Synchronised, well-orchestrated, converged approach: How Centre achieved milestone in vaccination drive
New Delhi, June 23: As India achieved a "historic milestone" of administering 88.09 lakh coronavirus vaccine doses in a single day on June 21, nearly 64 per cent of the jabs were given in rural areas, the government said on Tuesday, and noted that it has been made possible through "synchronised, well- orchestrated, converged approach" between the central and state authorities and the people.
Addressing a press conference, Union Health Secretary Rajesh Bhushan said Madhya Pradesh administered the maximum number of doses on June 21, followed by Karnataka, Uttar Pradesh, Bihar, Haryana, Gujarat, Rajasthan, Tamil Nadu, Maharashtra and Assam.
Also, 92.20 per cent of the vaccinations happened in government COVID-19 Vaccination Centres while 7.80 per cent were at private CVCs.
"Of the total doses administered, women comprised 46.35 per cent of those vaccinated, men 53.63 per cent while others comprised 0.02 per cent," he said.
A historic milestone was achieved on June 21 -- 88.09 lakh doses administered in a single day. Among the doses, 36.32 per cent were administered in urban areas and 63.68 per cent in rural areas, Bhushan said.
NITI Aayog Member (Health) V K Paul said the rural coverage of vaccination has been remarkable and in good proportion. And it shows that rural outreach is possible.
Since the vaccination began in mid-January, India has administered 29.16 crore doses of COVID-19 vaccines till 3 pm on June 22.
Responding to a question on record single-day vaccination, Bhushan said, "What happened yesterday was not sudden, it was result of coordinated planning in which state governments and Union government collaborated and worked very hard and what is happening today is part of that planning and what will happen in remaining eight days of June are part of that collaborative planning."
He further said that from June 1 to 21 the average per day vaccination has been 34,62,841, so a jump to 88 lakh when capacity and vaccine is available is possible.
Paul said the record vaccination on June 21 became possible on the first day of the implementation of the new revised guidelines through "synchronised, well-orchestrated, converged approach" between the Union and state governments, and above all the people of India.
"It showed India''s capacity of daily vaccinations. We hope once the private sector joins the drive fully this capacity will go much higher," Paul said.
Speaking on the overall pandemic situation in the country, Paul said there is a consistent improvement but stressed that people must continue to follow Covid-appropriate behaviour and avoid crowds and parties. He also stressed on increasing the uptake of vaccination.
Bhushan said there has been an almost 90 per cent decline in India''s daily COVID-19 cases as compared to the highest peak reported on May 7.
Also a sharp decline in weekly positivity -- 84 per cent decrease since the highest reported weekly positivity of 21.4 per cent recorded between May 4 and 10 -- has been noted.
Paul said that there are four elements leading to the formation of a new wave. These are behaviour of the virus which has the capacity and ability to spread and a susceptible host -- virus keeps looking for susceptible hosts for it to survive.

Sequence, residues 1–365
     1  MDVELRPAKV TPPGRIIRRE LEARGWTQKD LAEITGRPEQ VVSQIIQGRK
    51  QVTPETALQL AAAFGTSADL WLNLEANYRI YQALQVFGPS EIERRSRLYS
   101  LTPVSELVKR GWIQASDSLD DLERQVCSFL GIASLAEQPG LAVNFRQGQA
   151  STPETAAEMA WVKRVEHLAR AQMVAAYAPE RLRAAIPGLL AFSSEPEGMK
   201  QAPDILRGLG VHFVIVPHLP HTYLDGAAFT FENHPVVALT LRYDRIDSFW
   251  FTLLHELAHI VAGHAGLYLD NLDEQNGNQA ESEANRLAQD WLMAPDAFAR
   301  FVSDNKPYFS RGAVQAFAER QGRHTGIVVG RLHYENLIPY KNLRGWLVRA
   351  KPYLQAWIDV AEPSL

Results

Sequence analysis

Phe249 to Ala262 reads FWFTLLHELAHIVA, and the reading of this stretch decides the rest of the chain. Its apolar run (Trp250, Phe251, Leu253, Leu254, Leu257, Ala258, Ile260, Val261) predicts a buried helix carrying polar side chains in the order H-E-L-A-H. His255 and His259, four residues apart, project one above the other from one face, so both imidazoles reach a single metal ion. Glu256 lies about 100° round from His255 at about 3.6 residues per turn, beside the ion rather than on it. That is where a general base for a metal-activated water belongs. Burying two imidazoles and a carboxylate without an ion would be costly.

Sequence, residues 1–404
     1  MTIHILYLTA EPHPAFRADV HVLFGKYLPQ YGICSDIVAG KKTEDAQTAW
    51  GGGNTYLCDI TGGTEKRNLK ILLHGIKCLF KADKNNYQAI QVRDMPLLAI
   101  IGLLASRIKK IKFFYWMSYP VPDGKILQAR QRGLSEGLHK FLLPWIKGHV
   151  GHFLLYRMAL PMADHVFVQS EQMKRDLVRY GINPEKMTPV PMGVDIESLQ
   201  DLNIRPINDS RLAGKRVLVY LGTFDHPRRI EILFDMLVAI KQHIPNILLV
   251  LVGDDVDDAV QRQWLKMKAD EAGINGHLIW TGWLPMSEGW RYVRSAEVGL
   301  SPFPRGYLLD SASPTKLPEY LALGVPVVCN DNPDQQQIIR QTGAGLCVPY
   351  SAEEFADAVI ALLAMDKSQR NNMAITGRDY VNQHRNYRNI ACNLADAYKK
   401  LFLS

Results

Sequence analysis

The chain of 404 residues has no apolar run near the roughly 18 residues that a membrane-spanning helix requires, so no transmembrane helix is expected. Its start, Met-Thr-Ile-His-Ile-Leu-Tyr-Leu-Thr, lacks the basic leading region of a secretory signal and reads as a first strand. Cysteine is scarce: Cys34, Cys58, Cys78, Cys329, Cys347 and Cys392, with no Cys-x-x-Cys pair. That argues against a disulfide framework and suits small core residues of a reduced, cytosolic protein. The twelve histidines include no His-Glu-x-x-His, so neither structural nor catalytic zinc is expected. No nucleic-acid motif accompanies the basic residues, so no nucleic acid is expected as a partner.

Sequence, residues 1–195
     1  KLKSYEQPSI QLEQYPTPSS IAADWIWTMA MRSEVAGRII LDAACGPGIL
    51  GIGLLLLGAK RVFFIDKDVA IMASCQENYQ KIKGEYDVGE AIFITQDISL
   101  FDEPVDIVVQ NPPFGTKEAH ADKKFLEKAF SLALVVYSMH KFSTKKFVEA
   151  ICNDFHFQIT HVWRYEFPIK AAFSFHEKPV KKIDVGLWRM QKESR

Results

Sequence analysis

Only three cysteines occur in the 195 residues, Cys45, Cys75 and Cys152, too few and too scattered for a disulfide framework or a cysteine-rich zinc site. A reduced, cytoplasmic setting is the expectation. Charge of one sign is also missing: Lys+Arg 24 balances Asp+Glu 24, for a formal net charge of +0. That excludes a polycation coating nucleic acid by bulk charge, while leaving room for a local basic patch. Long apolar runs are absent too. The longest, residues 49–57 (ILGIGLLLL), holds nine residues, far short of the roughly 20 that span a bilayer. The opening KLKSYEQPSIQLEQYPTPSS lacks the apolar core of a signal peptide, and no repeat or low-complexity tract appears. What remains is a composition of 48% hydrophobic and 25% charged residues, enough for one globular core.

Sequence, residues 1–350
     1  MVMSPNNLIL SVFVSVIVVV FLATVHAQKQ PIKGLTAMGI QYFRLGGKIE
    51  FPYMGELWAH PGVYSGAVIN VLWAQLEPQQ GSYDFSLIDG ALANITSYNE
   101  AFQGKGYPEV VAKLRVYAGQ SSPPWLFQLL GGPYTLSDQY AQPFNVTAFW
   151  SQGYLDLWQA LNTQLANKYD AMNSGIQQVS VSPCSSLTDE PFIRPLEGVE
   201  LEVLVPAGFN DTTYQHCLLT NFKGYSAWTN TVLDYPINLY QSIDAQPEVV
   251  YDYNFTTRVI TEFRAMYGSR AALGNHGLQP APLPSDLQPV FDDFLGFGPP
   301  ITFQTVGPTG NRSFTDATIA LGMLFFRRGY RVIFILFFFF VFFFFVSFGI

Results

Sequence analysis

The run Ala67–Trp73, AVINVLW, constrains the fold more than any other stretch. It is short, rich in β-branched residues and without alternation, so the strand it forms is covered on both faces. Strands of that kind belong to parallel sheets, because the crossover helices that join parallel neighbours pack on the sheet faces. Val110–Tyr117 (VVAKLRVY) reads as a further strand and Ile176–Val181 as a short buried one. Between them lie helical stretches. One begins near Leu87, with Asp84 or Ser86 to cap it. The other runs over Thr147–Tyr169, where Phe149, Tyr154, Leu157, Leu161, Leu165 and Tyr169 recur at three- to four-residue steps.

Third is transmissibility -- the virus can become smart enough where it mutates and becomes more transmissible.
Fourth is opportunity -- "which we give to the virus to infect. If we sit and eat together, crowd, sit in closed areas without masks, then the virus gets more opportunities to spread. A call to do what is in our hands".
The NITI Aayog member said that out of the above four, two elements -- susceptibility and opportunities for infection -- are totally under our control, whereas the other two -- behaviour of the virus and transmissibility -- cannot be predicted or controlled.
Speaking about easing restrictions and reopening of schools, Paul said that the decision has to be taken cautiously and that we should take risks only when we are protected.
"School is a crowd, a medium or large gathering, which gives opportunity for virus to infect. So, we should take that risk only when we are rather better protected, virus is suppressed and we are able to sit at a distance. But it is not easy to take this decision to open schools when an unpredictable situation is prevalent."
He also mentioned that the virus is suppressed at present due to discipline and restrictions prevalent in many states, and if restrictions are eased and schools opened, then the virus gets opportunities to infect.
Responding to a question, Paul said, "The elderly can resume normal lives if fully vaccinated and without comorbidities but they also need to take precautions like wearing masks, avoid crowds."
"They can go for walks outdoors too but not to crowded places...still they would need to take precautions," Paul said.
In response to another question, Bhushan said Cowin has established itself as a robust platform which handled maximum traffic of 2.4 billion in one day without crashing and the day the platform was opened for 18-plus people in the first six hours of opening it saw 13.7 million visits and the system did not crash.
"Large number of countries are interested in taking the technology and using it and National Health Authority, Health Ministry and External Affairs Ministry are together planning a global webinar in which such potentially interested countries would be invited and we would be more than willing to share the technology and solution with them," he said.